Navigating Obstacles in Remote Teaching

Normally, the first week of class is spent building a classroom community , introducing students to the big ideas in the course, and helping them get into the rhythm of class sessions and assignments. Students get accustomed to their new class schedules and their new set of professors, syllabi, and peers. We all get over the hump of the first day jitters, iron out issues that arise, and the semester takes flight. This fall, though, settling in and establishing routines will take longer. Remote teaching is still new to many of us, and we began the semester with layers of technical difficulties that affected faculty across the country.

At the end of such a first week, it will be important to ask, is everyone with me? Thursday was the last day of add/drop, and so our rosters should stabilize now, and we can check in on whether all of our students are really on board or not. Did they log into Canvas and begin the first module? Did they do an initial assignment, survey, or quiz, like an assignment to introduce themselves on Padlet, a survey about their technology access, or a quiz to confirm that they read the syllabus?

Checking whether our students are with us is something we’ll likely need to do regularly this semester. It’s more challenging to stay connected when working remotely anyway, and additional problems that are beyond our control are bound to arise. (Zoom and Canvas going down on the first day of classes is a prime example.) We may not be able to anticipate them all, but for the ones we can anticipate, we can have a conversation with students or make a Q&A to post on Canvas. We can identify the potential issues (especially technical issues, like the internet going out) and let students know how we will handle them (or they can give us great suggestions). When issues arise that we could not anticipate, we can communicate with students as soon as we are able. For example, if Zoom goes down, we can send an announcement through Canvas (that will also be emailed):

Good morning students,

I hope you are all well and making good progress on your [project in the course]. Zoom just went down, and our class starts in just a few minutes. So it goes in our remote class this semester! Don’t worry, though, we’ll meet on MS Teams instead. Here is a link to instructions on how to use Teams. Since this is not the app we normally use, I know it might take you a little time to join the meeting. This technical snafu is beyond our control, so of course you won’t be marked late. Just join us as soon as you can, and I’ll look forward to seeing you soon, when we’ll discuss [topic] and [do an activity].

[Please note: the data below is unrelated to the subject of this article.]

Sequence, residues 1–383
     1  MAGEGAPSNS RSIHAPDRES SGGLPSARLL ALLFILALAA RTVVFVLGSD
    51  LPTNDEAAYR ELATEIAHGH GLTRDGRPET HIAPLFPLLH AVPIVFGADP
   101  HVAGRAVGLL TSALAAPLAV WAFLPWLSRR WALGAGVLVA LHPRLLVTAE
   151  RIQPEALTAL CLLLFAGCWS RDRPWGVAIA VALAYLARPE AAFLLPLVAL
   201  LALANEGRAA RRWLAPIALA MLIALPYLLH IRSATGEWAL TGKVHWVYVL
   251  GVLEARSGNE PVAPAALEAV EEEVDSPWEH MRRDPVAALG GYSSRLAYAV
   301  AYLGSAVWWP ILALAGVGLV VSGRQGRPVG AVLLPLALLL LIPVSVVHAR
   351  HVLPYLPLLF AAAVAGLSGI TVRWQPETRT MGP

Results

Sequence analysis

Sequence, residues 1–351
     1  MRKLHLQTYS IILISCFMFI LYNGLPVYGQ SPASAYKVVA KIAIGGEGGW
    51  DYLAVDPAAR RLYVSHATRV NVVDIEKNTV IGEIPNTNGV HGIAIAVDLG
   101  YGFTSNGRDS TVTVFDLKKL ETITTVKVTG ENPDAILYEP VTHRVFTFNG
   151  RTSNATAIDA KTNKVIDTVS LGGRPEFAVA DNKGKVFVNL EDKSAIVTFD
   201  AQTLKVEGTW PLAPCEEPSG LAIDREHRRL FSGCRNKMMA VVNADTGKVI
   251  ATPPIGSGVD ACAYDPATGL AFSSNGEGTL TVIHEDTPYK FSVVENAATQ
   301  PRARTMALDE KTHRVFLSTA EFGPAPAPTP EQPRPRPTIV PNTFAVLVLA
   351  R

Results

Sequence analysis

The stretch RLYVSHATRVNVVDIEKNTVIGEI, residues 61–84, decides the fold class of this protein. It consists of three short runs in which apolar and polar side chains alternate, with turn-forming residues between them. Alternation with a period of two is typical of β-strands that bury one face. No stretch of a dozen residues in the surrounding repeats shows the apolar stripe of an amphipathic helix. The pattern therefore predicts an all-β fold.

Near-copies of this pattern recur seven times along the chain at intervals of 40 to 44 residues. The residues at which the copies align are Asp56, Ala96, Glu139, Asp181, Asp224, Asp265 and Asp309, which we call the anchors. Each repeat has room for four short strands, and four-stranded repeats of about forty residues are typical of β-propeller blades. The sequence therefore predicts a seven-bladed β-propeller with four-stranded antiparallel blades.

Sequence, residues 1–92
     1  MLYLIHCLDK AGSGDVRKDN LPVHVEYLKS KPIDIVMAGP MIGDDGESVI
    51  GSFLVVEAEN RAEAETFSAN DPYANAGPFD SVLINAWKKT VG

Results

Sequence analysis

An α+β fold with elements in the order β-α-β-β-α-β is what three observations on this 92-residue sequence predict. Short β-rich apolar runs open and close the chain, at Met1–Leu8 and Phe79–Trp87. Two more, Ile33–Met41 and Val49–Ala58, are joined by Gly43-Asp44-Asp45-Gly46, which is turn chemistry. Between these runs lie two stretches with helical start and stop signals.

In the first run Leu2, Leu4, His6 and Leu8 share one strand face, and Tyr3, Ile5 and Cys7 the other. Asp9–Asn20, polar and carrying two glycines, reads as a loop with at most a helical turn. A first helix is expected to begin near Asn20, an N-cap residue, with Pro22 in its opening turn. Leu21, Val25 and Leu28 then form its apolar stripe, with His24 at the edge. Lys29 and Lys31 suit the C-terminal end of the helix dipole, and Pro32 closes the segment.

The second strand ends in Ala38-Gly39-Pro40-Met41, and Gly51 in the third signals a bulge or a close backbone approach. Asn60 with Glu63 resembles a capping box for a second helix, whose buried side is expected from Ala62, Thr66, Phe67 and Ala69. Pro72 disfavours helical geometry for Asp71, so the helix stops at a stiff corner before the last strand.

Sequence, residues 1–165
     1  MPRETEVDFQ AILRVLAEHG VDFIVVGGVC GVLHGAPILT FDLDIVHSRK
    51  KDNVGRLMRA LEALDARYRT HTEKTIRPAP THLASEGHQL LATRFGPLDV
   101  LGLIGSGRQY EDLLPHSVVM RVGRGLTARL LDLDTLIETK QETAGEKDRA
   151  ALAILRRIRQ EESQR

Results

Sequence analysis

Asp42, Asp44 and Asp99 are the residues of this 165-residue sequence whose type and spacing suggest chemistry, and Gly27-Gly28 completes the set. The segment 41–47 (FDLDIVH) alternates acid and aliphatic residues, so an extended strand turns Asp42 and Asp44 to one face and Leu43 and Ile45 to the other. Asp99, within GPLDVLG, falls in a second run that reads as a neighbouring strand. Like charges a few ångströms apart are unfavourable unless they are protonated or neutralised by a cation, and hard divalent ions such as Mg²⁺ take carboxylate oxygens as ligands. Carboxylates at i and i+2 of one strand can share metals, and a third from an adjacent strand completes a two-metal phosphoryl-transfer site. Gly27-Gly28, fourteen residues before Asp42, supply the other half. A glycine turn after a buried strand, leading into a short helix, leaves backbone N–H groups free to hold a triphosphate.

All the best,
Prof. X

The main ideas in the example above are to acknowledge the issue, assure students that it’s not their fault so they won’t be penalized, and let them know how you’ll work together to make adjustments and keep going. These might be useful things to say to ourselves, too. We are doing the best we can to teach in unmanageable circumstances. We all deserve a lot of grace.

If you’d like support in any aspect of your teaching this semester, we look forward to working with you. You can get in touch with us at

Fall Faculty Reading Groups

This fall, CAT is offering the following fully online faculty reading groups. Each group will meet once a week for three weeks on Zoom to discuss the books in sections. Each book will be available electronically, so it will be possible to participate from anywhere. We hope you can join us! Please register here.

Small Teaching Online: Applying Learning Science in Online Classes

Fridays: 9/18, 9/25, 10/2
10:30 a.m. – 12:00 p.m. on Zoom

How do I make my online class interesting and interactive? How do I motivate students to keep up with the course, to engage intellectually, and to learn deeply while working remotely? In this update to James Lang’s popular book, Flower Darby applies Lang’s concept of “small teaching” to the online classroom. Faculty from across disciplines and FSU campuses are invited to join this reading and working group, in which we will explore the science of learning and discuss small but strategic changes we can make that will have a powerful influence on our students’ learning.

Teaching to Transgress

Wednesdays: 9/23, 9/30, 10/7
2:00 – 3:30 p.m. on Zoom

Hooks challenges the “banking” model of learning, where education is envisioned as an accumulation of received wisdom. She argues that instead, education must be a process of empowerment and liberation, in which students learn to question, to resist, and to find their own place in a larger conversation. She asks us as educators to examine our own assumptions, biases, and privileges, so that we can better reach our students, and offer them a truly transformational education. Participants will develop strategies for putting these ideas into practice.

How Learning Works

Thursdays: 10/8, 10/15, 10/22
2:30 – 4:00 p.m. on Zoom

This book distills the research on cognition, translating decades of scientific literature into practical advice and introducing seven general principles of how people learn. The authors draw on cognitive, developmental, and social psychology, as well as educational research, anthropology, etc. The discussion spans issues from memory to motivation, integrating theory with real classroom examples. Participants will develop strategies for strengthening their own teaching through the application of these principles, with a focus on applying the strategies in the book to remote teaching and learning.